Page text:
Higher Education Strategy Associates

STEM, Shortages, and the Truth About Doctoral Education

Harvard’s Michael S. Teitelbaum came out with an interesting new book last month called, Falling Behind? Boom, Bust and the Global Race for Scientific Talent.  Though it’s a very US- focused book, it’s worth a read as a corrective to the occasional hysterics that people have in Canada about our alleged STEM crisis.

The book starts with a wonderful chapter called “No Shortage of Shortages”, which suggests that the current STEM-shortage panic is the sixth in the US since Sputnik.  He also eviscerates the various employer- and research university-led reports that precipitated the most recent crisis talk (Innovate America, Tapping America’s Potential, and Rising Above the Gathering Storm), and shows that the evidence backing up these claims for crisis  simply don’t hold up.  What does hold up are the structural incentives that exist for various groups to claim there is a crisis when there is none: universities get more money, professors get more grad students, and employers get more PhDs, or more H1-B visas to enable the hiring of foreigners.

An interesting question Teitelbaum raises is whether it might be possible to create a board or agency with the responsibility of declaring when certain occupations are indeed in shortage.  He correctly lists a whole bunch of structural reasons why it might be difficult to find a respected neutral body that interest groups wouldn’t immediately try to undermine, but he does raise the interesting example of the UK’s Migration Advisory Committee, which has the responsibility of advising government on when shortages in specific skilled professions has become sufficiently acute to merit changes in immigration law.  Certainly something to think about with respect to our own Temporary Foreign Workers’ Program.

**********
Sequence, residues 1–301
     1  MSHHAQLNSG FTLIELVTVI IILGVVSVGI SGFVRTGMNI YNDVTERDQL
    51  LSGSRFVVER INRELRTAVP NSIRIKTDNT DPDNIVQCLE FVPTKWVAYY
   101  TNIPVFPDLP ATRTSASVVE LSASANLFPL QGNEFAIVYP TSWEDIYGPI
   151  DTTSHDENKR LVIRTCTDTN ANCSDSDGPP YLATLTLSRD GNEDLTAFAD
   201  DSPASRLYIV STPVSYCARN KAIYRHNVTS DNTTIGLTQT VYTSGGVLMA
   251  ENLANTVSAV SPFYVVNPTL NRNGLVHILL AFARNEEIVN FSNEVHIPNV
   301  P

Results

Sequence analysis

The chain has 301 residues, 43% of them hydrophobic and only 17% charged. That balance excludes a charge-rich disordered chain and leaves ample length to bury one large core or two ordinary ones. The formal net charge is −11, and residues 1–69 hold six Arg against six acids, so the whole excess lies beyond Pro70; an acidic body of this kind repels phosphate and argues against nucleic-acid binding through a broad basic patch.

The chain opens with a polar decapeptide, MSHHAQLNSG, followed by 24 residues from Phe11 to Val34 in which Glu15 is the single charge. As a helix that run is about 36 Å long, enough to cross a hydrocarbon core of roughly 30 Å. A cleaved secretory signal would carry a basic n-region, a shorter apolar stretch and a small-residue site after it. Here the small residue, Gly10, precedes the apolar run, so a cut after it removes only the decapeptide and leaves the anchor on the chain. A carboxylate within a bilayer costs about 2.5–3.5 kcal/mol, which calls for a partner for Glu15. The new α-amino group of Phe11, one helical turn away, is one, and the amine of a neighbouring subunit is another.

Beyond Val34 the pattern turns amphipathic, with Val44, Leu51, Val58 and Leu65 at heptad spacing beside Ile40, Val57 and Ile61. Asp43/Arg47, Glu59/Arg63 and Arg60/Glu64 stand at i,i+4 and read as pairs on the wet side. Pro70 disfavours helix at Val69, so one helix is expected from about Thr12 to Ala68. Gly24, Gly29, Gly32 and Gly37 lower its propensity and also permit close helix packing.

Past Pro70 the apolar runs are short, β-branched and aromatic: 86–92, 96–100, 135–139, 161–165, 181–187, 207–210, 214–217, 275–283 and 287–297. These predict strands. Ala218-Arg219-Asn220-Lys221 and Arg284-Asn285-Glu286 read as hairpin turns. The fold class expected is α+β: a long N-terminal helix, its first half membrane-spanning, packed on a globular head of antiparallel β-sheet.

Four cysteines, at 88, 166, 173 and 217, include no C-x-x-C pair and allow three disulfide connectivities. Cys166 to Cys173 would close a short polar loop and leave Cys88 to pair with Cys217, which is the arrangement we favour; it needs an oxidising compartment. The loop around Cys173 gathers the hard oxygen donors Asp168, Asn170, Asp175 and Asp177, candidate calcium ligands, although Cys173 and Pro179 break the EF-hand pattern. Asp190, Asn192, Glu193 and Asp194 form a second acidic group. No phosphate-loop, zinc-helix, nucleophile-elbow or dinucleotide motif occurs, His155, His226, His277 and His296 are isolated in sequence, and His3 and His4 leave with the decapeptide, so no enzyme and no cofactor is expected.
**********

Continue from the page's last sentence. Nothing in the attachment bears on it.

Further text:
But to my mind the most important chapter – one everyone in higher education should read – is the chapter on the U.S. Academic Production Process.  He makes the point that the production of doctoral students is a function of research grant availability, not of demand for services of doctorally-educated graduates (and certainly not of the needs of academic institutions for new faculty).  Universities want doctoral students (and increasingly, postdocs) because over time, they have become the go-to form of scholarly labour that university research labs require in order to work.  If they have more money – say, if the US government increases the NIH budget by 100% over five years – there will be a huge explosion in the demand for doctoral students, which is entirely unconnected to the labour market demand for doctoral graduates.

This is a simple and unarguable point, but it is rarely stated quite so bluntly.  Eventually, domestic students figure this out, and fewer go into doctoral studies.  But that doesn’t decrease the demand for this kind of labour – so institutions start reaching out more and more for foreign students, particularly from Asia.  For these students, grad student conditions (and those that come afterwards, even in a depressed labour market) still look pretty good compared to what they can get back home.  To his credit, Teitelbaum doesn’t pretend there are any easy answers to this one and, in the end, simply falls back on the idea of requiring institutions to do a better job informing prospective graduate students about the realities of the academic job market – in terms very similar to the ones I proposed back here.

Anyways – pick up Teitelbaum if you get a chance.  It’s a rewarding read.

This entry was posted in Books, doctoral education, labour market, Skills shortage, STEM. Bookmark the permalink.

One Response to STEM, Shortages, and the Truth About Doctoral Education

  1. JRG says:

    It definitely sounds like an interesting read. On the skills shortage point, I wish we did have a way of helping to fill shortages with our own people in STEM areas. I recently encountered several new graduates from Engineering that have been looking for a new job for a couple of months and aren’t being hired because they don’t have the requisite 5 years of work experience the employer is asking for. This despite that some of them are at the top of their class and have done co-ops and internships. Yet I know single individuals that have immigrated here as engineers trained in their home countries, and they are already working because they have more years of experience. Somehow that doesn’t seem right. There may still be a shortage, but perhaps less than we think.

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